There are two general categories of pipes: Hand Made ( consists of Freehand shapes made to better represent or "follow" the grain of the wood, and the classically shaped pipes which are mostly turned or machined pieces that have been well established for many years.
Today, most pipes are made of briar, which is a root that is mostly found along the Mediterranean. Mainly: Italy, Algeria, Morocco, Corsica, Greece.
Here are examples of "Plateau" cut briar
The cut briar is then lightly sanded to see the grain texture within it
Choosing a shape that will showcase or highlight the grain texture within the briar
The excess briar is then cut off. This helps shape the pipe and decreases the time of each sanding stage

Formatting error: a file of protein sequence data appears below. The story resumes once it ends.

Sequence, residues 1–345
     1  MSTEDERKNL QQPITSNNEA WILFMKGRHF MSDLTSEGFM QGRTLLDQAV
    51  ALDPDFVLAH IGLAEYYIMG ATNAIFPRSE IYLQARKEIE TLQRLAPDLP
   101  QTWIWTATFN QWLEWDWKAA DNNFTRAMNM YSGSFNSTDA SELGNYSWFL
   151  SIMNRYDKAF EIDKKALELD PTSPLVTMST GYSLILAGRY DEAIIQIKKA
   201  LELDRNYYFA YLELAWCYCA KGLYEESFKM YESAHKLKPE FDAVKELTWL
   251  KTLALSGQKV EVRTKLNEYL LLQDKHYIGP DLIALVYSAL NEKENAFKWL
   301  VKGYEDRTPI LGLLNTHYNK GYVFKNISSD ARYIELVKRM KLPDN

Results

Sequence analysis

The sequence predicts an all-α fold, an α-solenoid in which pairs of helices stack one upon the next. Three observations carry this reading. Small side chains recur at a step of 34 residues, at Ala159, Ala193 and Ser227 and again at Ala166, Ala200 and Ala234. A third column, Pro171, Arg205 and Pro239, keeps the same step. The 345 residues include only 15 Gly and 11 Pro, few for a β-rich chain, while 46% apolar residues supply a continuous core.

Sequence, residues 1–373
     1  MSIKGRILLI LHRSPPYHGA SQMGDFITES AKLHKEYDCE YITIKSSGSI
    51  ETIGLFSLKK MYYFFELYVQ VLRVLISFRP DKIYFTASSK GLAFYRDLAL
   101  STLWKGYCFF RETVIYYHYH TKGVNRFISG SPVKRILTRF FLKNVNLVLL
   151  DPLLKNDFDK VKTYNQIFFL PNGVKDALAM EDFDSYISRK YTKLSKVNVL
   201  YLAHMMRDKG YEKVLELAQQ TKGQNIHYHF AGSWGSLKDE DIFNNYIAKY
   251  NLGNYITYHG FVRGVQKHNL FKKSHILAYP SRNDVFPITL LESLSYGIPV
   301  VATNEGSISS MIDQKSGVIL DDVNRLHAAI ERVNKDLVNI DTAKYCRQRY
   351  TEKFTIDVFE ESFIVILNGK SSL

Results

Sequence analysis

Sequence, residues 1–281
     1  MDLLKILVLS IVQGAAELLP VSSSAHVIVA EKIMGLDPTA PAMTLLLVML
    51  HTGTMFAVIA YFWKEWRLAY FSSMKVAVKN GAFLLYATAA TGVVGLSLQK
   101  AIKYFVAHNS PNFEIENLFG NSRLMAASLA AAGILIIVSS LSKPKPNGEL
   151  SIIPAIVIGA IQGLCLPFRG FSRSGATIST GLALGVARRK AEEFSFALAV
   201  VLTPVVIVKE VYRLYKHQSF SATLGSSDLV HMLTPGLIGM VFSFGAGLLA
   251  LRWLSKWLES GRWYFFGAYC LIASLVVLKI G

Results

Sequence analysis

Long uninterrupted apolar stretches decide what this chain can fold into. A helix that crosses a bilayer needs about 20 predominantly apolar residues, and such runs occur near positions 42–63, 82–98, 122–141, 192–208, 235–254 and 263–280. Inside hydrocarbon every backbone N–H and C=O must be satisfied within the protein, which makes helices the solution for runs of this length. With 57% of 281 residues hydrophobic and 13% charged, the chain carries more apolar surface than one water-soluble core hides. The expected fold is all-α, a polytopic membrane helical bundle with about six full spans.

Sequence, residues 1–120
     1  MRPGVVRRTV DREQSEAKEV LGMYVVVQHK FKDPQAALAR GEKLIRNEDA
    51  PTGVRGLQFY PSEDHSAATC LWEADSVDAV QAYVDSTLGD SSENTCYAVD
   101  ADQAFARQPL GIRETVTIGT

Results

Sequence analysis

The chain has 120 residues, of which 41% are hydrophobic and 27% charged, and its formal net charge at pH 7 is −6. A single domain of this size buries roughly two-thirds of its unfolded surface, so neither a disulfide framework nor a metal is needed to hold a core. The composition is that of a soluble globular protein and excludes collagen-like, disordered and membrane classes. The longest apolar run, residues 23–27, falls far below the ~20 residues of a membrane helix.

Before and after stages of the boring of the pipe bowl or "chamber"
The sanding stages are what give the briar a more definitive shape and appearance of a pipe
The pipe shank is then bored to create a tenon chamber
The draught hole is drilled, by hand, using a very long drill bit
While sanding the pipe, the wood is wet to see the progression of the shape with respect to the grain texture
The chosen mouthpiece is then turned and shaped using a lathe and fit onto the pipe
Sanding the pipe and mouthpiece ( 4 stages)
Finishing touches before staining the pipe